THEY ARE LYING...
when the phrase "THE COURTS ARE OVERBURDENED WITH FRIVOLOUS LAWSUITS" is used to justify anything other than a civil jury trial.
This month an excellent article by Robert T. Eglet appeared in the official publication of the American Board of Trial Advocates. Mr. Eglet researched the statistical facts regarding the frequency of civil jury trials in the United States. The facts are surprising and alarming.
In federal court, less than 1% of all civil cases are resolved by a jury trial and that figure is dropping. In 1940, it was 15.2%.
In state courts in Texas, only 0.4% of civil cases are resolved by jury trial.
The percentage of tort cases that go to civil jury trial in state and federal courts is even lower.
There are many reasons for the vanishing civil jury trial. Those reasons include alternative dispute resolution, especially including mandatory arbitration clauses in contracts; high litigation costs and extensive pre-trial discovery; a growing judicial philosophy that discourages trying cases; the prevalent use of pre-trial summary judgments which trial judges liberally grant to dismiss cases and manage their caseloads; the doctrine of federal preemption which strips states of jurisdiction over many, many disputes which were traditionally resolved in state court; and, so-called “tort reform”.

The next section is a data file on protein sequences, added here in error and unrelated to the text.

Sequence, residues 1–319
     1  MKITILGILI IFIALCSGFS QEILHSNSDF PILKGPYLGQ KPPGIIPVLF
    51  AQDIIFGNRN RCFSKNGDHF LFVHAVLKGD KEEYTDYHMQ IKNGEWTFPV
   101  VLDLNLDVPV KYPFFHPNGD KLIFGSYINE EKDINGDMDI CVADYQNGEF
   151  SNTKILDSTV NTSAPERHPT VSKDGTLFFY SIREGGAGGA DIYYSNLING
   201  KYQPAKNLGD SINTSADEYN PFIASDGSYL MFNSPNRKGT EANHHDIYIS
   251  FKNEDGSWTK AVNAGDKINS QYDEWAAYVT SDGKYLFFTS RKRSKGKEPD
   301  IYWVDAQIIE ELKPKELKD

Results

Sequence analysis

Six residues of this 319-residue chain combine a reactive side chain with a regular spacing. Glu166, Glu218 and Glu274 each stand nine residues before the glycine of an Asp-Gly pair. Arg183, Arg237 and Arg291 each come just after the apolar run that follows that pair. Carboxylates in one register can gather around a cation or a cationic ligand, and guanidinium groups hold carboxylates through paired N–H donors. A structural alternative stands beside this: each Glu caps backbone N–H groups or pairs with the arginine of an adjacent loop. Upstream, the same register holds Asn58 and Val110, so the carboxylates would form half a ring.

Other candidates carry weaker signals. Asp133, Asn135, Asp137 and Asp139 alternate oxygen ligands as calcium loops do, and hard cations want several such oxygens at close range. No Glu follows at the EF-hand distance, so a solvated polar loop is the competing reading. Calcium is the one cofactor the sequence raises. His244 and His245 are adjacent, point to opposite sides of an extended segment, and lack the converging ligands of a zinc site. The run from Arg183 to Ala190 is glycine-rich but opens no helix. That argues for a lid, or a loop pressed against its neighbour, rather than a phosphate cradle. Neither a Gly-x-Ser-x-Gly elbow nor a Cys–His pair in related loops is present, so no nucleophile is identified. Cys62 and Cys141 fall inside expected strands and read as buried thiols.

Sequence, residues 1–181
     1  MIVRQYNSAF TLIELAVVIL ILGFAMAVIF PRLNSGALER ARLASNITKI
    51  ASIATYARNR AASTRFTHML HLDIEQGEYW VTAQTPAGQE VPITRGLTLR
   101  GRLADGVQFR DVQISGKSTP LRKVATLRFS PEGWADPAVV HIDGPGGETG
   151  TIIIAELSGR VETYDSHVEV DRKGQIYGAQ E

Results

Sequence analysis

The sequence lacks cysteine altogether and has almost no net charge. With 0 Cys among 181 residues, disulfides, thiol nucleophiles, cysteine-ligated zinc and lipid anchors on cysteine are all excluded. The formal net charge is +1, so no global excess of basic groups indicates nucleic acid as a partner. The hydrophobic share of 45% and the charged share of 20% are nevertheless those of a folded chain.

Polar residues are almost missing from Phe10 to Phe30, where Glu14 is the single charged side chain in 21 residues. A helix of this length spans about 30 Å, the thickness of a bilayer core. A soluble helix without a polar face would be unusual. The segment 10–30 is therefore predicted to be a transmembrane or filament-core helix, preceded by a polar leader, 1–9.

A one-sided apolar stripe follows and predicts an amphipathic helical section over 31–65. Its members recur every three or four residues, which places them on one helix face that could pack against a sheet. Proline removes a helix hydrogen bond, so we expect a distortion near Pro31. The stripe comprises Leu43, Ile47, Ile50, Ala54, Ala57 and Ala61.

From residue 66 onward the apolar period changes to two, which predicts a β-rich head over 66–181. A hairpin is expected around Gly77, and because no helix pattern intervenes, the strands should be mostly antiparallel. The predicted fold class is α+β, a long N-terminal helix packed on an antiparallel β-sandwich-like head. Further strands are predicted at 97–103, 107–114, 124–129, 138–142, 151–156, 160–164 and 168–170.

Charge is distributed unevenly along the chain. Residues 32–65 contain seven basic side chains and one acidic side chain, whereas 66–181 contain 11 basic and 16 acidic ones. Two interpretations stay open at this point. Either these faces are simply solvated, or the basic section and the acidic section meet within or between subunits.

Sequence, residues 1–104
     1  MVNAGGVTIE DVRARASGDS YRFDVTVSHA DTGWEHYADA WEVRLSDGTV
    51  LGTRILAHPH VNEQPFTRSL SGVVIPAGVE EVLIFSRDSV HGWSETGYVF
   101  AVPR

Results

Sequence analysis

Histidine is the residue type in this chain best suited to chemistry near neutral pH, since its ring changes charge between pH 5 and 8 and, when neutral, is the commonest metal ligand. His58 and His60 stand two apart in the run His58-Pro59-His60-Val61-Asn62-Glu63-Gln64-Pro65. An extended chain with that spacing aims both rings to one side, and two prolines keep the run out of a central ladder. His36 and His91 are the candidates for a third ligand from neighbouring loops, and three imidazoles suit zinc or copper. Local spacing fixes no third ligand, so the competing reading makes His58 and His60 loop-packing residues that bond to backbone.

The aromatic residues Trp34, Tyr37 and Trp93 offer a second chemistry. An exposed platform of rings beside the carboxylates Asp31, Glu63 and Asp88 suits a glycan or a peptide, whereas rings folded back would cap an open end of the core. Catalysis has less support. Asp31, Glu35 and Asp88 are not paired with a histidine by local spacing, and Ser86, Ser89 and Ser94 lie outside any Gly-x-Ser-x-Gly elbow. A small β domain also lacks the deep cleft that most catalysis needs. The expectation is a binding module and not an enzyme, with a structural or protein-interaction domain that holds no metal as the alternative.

If a politician or special interest group says that something they want is justified because the courts are overburdened with frivolous lawsuits, they are lying. Not just shading the truth or fudging, but lying. This is not a matter of opinion. The facts are the facts.
There are relatively few lawyers today who have substantial experience in actually trying cases to a jury and that number is shrinking quickly. This is a sad trend that has important consequences for the client and the general public. How can your lawyer realistically evaluate your case and advise you if he or she doesn’t have a body of actual trial experience to rely upon? How can your lawyer protect you in a trial if he or she hasn’t been in trials? How can lawyers learn the art of trial advocacy and honor the tradition of trial advocacy without opportunities?
The 7th Amendment to the United States Constitution guarantees the right to a jury trial in civil cases. Thomas Jefferson observed that trial by jury was “the only anchor ever yet imagined by man which a government can be held to the principles of its constitution.” Former Chief Justice William Rehnquist said that trial by jury in civil cases was a bulwark against tyranny and corruption and that “juries represent the layman’s common sense and thus keep administration of law in accord with the wishes and feelings of the community.” Clearly, our founders and great jurists have recognized the value of jury trials. I always wonder what they would say if they could see how far we have strayed?